Dec 5, 2015; Indianapolis, IN, USA; Michigan State Spartans running back LJ Scott (3) dives in for a touchdown during the fourth quarter of the Big Ten Conference football championship game against the Iowa Hawkeyes at Lucas Oil Stadium. Mandatory Credit: Caylor Arnold-USA TODAY Sports

Ask most athletes to choose between winning a championship and having a great individual performance, and most will tell you a championship is far better. Winning a title takes lots of hard work, guts, and teamwork.

But great individual performances often make the difference, whether it’s putting up impressive yardage or making one big play that wins the game.

College football’s championship Saturday had plenty of both. Let’s take a look at five of the top player performances from yesterday’s action.

Deshaun Watson, QB, Clemson

The ACC Player of the Year had one of the best nights ever in a championship setting.

Clemson head coach Dabo Swinney called his quarterback “the best player in the country” after the championship game Saturday night. Sure, you’d expect a coach to say that about one of his own players after a game like that, but Watson was the perfect example of a quarterback carrying a team on his back when he had to.

Deshaun Watson Clemson

The Tigers didn’t start out well, missing a field goal following their opening drive, botching a fake punt in the second quarter, and running up four personal foul penalties in the first half. Thankfully while some of the players weren’t at their best, Watson saved his best for last.

He threw for 289 yards and three touchdowns and rushed for a career-high 131 yards and two more scores, accounting for 420 all-purpose yards. Most importantly, his hot play kept Clemson atop the national rankings, and thanks to Watson Clemson’s perfect season will continue in the College Football Playoff.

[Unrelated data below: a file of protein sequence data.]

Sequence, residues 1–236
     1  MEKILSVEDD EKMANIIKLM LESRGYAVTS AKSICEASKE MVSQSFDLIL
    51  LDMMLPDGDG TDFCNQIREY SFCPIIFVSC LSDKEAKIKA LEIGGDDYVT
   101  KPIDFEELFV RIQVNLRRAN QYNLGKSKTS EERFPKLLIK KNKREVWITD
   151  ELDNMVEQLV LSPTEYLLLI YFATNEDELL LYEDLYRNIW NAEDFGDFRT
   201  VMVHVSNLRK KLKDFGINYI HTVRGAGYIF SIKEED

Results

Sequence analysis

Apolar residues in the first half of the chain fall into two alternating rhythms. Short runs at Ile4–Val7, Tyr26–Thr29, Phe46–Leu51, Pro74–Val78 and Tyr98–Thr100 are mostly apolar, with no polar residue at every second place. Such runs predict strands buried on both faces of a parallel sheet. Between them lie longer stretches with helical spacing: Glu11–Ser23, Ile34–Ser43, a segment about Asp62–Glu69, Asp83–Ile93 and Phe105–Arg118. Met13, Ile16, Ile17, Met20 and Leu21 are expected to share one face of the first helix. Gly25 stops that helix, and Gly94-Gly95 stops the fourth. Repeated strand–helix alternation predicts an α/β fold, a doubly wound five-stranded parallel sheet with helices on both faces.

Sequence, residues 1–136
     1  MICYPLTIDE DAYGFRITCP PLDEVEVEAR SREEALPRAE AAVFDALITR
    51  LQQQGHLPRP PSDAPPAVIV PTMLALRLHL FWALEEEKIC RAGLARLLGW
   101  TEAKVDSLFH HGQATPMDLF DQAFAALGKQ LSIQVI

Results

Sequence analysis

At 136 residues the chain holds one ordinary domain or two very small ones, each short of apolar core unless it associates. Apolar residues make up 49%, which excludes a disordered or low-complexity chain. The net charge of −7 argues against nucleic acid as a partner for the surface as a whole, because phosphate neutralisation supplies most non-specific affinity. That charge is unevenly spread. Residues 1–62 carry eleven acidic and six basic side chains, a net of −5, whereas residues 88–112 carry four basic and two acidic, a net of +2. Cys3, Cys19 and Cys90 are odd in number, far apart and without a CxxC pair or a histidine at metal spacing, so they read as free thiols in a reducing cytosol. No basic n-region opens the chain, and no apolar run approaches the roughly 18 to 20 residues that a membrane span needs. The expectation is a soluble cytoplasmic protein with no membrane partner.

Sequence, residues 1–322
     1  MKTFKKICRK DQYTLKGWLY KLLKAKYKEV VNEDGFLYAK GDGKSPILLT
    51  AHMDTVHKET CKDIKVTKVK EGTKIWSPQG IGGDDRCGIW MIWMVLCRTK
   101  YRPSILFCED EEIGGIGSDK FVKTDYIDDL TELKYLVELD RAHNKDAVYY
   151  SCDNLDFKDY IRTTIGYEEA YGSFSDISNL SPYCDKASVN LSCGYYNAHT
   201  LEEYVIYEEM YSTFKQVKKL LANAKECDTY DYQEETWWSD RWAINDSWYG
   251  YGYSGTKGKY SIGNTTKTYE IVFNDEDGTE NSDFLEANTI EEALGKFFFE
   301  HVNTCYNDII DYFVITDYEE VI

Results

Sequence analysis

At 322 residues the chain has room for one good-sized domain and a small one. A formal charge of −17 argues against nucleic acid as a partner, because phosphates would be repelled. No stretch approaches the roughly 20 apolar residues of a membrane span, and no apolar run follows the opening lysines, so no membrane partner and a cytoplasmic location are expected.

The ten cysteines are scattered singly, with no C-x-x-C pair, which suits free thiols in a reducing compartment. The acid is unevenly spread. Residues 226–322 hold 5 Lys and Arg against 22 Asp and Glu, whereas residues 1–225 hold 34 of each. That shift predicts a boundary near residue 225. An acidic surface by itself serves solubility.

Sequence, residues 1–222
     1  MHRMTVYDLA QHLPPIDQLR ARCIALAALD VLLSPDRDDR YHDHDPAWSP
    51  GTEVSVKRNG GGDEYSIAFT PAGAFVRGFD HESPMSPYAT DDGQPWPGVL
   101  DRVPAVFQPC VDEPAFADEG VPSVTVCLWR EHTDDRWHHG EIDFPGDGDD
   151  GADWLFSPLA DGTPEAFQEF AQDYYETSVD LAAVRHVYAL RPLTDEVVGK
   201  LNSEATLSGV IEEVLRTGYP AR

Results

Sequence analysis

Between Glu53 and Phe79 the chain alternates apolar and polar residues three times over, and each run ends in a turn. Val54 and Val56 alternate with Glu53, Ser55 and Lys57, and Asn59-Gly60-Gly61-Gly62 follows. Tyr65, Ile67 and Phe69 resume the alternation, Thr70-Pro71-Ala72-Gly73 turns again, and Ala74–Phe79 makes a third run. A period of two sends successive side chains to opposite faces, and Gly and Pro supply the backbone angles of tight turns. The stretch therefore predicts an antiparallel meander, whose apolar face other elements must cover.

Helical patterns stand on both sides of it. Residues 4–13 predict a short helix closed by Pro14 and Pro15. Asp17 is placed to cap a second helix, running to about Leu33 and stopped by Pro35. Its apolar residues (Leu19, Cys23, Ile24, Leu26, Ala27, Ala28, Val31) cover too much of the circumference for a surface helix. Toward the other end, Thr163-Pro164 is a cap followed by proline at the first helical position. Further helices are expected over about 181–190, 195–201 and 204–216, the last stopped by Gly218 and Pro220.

If the Tigers’ quarterback wasn’t a lock for an invitation as a Heisman Trophy finalist in New York, his performance in yesterday’s 45-37 win over North Carolina in the ACC championship should end that debate.

Derrick Henry, RB, Alabama

Henry, considered to be the favorite for the Heisman by many analysts, led the Tide to its second straight SEC championship — the first team to do that since the 1997-98 Tenessee Volunteers. But he’s focused on something other than an individual honor or a conference title as Alabama attempts to bring home another national championship to Tuscaloosa.

The Crimson Tide Heisman hopeful was the true definition of a workhorse, with 44 bludgeoning carries for 189 yards against a Florida defense that’s one of the best in the country. He put Alabama ahead to stay with a two-yard touchdown run in the second quarter and only seemed to get stronger as the game progressed.

Additionally he tied the SEC mark for most touchdowns in a season with 23 and broke Herschel Walker’s record for rushing yards in a season (1,891), set back in 1981.

Yes, it was quite a big day for the workhorse running back, who last week became just the third runner in SEC history with four 200-plus yard games in a single season.

Christian McCaffrey, RB, Stanford

McCaffrey ripped through the Trojan defense like a chain saw on Saturday night.